In several instances, doctors reported possible reinfections during the pandemic. Mostly, however, they could not rule out that the second infection was not due to faulty testing procedures, false-negative test results or virus residues from the first infection.
But now, new infections have occurred in Hong Kong, the Netherlands and Belgium. In these cases, the patients who had already recovered from previous COVID-19 infections have been reinfected months later with an apparently mutated variant of SARS-CoV-2.
Different cases, similar courses
A 33-year-old man from Hong Kong had mild COVID-19 symptoms in mid-March and tested positive for SARS CoV-2 on March 26. He remained in hospital until he was released on April 14 after two negative PCR tests.
Health authorities believe the man was infected a second time while on a business trip to Spain. A test conducted at Hong Kong airport on August 15 turned out positive. As a precaution, the man was taken to hospital again, although he showed no symptoms.
Genetic analyses showed he had contracted a mutated variant of the virus.
"The analyses showed that the first viral genome belonged to a different strain of SARS-CoV-2 than the second," said Dr. Kelvin Kai-Wang To, a clinical associate professor from the Department of Microbiology at the University of Hong Kong (HKU). According to the study, both virus variants differed in 24 nucleotides, the building blocks of the genetic material.
Scientists are aware that SARS-CoV-2 has mutated several times during the pandemic, repeatedly changing parts of its protein structure, as is common with viruses.
For the researchers, this case is clearly a new infection. Even after surviving COVID-19, it is still possible to become infected with a SARS-CoV-2 pathogen. Such reinfections also occur more frequently with other seasonal cold viruses such as coronaviruses 229E, OC43, NL63 and HKUI24, according to the Hong Kong researchers.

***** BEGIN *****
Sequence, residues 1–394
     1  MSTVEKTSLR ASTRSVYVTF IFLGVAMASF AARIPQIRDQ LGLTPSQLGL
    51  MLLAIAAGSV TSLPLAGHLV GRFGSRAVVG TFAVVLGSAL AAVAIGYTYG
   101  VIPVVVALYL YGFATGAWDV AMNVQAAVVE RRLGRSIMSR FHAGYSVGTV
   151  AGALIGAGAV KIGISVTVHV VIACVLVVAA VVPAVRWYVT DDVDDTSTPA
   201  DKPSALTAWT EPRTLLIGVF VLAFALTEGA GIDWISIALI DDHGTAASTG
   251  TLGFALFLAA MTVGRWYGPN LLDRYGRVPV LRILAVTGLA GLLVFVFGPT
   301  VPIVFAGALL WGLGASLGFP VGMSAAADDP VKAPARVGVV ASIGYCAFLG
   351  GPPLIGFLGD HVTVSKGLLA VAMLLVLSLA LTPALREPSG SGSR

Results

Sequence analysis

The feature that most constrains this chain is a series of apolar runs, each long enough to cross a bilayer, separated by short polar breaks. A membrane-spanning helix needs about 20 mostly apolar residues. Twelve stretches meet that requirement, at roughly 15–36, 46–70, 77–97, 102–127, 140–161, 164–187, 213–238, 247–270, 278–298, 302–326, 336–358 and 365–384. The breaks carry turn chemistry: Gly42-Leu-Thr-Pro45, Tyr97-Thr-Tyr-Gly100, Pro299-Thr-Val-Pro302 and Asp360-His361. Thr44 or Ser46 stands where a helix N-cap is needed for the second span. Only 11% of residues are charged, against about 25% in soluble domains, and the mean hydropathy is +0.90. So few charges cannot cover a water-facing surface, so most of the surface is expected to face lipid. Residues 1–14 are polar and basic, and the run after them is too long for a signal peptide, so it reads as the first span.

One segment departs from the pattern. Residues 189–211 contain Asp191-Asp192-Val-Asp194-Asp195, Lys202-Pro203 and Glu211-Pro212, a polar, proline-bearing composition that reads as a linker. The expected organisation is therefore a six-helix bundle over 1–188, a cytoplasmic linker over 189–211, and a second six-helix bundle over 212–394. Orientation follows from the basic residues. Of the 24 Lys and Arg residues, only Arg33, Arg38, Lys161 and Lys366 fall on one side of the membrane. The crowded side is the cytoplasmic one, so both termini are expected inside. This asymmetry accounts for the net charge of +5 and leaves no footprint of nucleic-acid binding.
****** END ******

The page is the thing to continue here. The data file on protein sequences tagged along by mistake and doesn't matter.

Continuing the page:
Two cases in Europe
According to Marion Koopmans, a virologist and adviser to the Dutch government, the genetic code of the second infection is also significantly different from that of the first, in the case of the patient in the Netherlands. It was an older man with a weak immune system. This speaks against a resurgence of the first infection, she added.
Koopmans said it was not surprising that new infections were turning up among people who recovered from COVID-19.
"We know from other respiratory tract infections that one is not protected for life, and we do not expect this from COVID-19," the virologist said on Dutch radio.
However, it must now be clarified whether such repeat infections actually occur more frequently or whether they are isolated cases.
In Belgium, one patient took ill again after three months. A gene sequence analysis also revealed that the virus had 11 mutations in the second case. "This is not good news," said virologist Marc Van Ranst on the Belgian channel VTM.
Many open questions
The apparent reinfections add to indications that immunity to SARS-CoV-2 is short-lived. Even after surviving the COVID-19 disease, at least some patients have only partial protection. Not all of them seem to develop protective antibodies.
However, even eight months after the outbreak of the pandemic, many questions remain unanswered, and it is difficult for researchers to gain an overview of the details of global infections as research is conducted worldwide, with many results published quickly and without the necessary peer review.
Detailed studies on the cases in the Netherlands and Belgium are not yet available. There are also only excerpts from a specialist article on the documented repeat infection in Hong Kong that a reporter from the South China Morning Post posted on Twitter. These results have not yet been subject to peer review.
What does this mean for a vaccine?
More than 150 vaccines against SARS-CoV-2 are currently being developed worldwide. Recently, Russia has approved the vaccine "Sputnik V," and seven other vaccine candidates are in the decisive clinical Phase III tests.
If reinfections are indeed confirmed, SARS-CoV-2 is unlikely to disappear due to effective herd immunity. It is also possible that vaccines currently in development may not provide lifelong protection against the aggressive coronavirus.
Until Phase III clinical trials are completed and meaningful long-term studies are available, it is not possible to make reliable statements about how effective these vaccines are, whether they will protect against viral mutations or how long the protection will last.